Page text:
Legal aid at mental health tribunals
Since the 1st November 2006, if a person is admitted to hospital against their will (involuntary patient), they are entitled to have a mental health tribunal within 21 days of their admission.
The Mental Health Commission is responsible for establishing these tribunals.
A mental health tribunal consists of three people, as follows:
- A legal member (a barrister or solicitor who will act as Chairman)
- A lay person
- A consultant psychiatrist
The tribunal will listen to the facts surrounding the case, and make sure that a person is only detained in hospital in keeping with the law. Patients have the right to be represented at the mental health tribunal by a legal representative who is appointed by the Mental Health Commission. They will also arrange for an independent medical examination to be carried out by a Consultant Psychiatrist. Patients have the right to attend their tribunal if they want to.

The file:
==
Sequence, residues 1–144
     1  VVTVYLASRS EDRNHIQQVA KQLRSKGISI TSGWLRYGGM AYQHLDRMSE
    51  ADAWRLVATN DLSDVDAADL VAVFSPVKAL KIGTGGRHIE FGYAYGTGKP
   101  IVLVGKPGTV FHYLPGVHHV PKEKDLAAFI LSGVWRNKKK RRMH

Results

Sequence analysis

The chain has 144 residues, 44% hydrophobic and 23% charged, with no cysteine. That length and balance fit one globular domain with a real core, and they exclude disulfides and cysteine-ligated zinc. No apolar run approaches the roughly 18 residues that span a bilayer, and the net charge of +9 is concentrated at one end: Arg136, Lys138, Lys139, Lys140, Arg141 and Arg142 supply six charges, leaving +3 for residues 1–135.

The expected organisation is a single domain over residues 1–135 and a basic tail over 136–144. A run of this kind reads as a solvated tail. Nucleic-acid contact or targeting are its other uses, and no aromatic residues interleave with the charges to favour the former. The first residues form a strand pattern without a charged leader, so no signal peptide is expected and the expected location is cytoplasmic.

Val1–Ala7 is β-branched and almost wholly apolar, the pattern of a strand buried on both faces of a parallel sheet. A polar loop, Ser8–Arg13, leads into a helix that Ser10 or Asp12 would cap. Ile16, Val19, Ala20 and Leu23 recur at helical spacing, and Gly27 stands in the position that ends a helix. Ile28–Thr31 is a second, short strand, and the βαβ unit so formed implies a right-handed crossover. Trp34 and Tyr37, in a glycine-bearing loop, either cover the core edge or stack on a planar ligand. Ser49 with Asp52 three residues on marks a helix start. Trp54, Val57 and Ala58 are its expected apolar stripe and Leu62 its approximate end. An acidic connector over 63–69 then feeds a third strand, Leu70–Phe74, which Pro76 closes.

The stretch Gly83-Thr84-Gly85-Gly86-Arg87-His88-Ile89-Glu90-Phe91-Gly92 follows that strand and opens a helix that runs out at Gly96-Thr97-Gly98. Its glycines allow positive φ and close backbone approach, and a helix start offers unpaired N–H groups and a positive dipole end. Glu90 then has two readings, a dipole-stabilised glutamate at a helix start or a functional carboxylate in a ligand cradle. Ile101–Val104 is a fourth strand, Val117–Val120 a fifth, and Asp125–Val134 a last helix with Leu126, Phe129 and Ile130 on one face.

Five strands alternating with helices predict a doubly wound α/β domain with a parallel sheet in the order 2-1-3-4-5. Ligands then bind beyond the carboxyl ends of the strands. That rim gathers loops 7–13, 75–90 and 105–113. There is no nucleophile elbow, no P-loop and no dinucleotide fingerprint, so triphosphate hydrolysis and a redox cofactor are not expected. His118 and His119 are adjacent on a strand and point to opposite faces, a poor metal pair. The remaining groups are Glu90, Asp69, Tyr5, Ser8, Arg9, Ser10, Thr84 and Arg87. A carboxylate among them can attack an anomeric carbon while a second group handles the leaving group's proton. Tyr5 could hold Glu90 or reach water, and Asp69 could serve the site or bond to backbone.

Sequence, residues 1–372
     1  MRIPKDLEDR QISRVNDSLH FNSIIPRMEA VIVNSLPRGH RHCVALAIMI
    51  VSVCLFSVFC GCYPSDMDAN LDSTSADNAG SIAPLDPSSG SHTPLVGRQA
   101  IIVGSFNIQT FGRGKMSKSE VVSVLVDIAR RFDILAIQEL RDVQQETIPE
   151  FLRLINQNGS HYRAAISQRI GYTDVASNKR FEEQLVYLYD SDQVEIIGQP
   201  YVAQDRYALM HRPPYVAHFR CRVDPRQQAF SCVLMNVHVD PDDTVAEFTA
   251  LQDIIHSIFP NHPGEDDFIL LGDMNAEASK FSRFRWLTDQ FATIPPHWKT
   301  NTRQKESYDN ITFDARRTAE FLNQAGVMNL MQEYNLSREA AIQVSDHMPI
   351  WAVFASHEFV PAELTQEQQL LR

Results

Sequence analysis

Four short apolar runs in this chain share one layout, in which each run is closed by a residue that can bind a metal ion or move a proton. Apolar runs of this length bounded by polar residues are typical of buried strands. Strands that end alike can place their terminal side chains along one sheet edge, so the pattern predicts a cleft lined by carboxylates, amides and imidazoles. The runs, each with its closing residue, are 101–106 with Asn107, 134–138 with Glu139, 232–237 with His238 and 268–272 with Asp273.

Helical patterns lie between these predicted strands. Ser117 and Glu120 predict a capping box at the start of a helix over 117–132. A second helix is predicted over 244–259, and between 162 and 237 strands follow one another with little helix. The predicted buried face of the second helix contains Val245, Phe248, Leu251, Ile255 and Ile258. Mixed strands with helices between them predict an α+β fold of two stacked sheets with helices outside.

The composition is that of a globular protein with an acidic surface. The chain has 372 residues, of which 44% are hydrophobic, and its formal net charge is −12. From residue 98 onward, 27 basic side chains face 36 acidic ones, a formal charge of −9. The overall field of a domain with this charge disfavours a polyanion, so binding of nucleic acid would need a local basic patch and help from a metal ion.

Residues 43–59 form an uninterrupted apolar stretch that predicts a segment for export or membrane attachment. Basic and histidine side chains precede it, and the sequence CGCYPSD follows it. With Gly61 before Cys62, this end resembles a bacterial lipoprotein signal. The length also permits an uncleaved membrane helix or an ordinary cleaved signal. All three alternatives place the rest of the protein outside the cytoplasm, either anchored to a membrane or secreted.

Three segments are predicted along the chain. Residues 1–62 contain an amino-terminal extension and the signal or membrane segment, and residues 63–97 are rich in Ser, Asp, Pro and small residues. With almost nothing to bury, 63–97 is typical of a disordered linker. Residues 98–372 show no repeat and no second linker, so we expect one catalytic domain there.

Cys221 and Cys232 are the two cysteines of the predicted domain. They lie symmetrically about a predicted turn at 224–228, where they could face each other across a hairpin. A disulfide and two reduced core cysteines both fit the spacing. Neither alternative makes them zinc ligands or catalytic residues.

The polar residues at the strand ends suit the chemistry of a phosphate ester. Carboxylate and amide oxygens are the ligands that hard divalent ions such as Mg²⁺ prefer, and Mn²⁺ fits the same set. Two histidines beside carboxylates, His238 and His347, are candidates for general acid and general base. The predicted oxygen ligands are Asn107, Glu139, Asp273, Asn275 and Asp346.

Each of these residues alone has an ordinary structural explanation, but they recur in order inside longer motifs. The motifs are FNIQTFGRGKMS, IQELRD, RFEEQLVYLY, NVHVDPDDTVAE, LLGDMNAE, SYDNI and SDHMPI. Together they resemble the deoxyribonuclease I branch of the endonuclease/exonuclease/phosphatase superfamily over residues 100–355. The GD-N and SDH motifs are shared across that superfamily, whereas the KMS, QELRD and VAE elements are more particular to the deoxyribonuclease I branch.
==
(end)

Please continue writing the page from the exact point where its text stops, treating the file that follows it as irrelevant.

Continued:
The function of the mental health tribunal is to either revoke or affirm an admission or renewal order. Mental health tribunals can also consider proposed transfers to the Central Mental Hospital and proposals related to the use of psycho-surgery.
If you have a query about providing legal aid at mental health tribunals, contact the Mental Health Commission.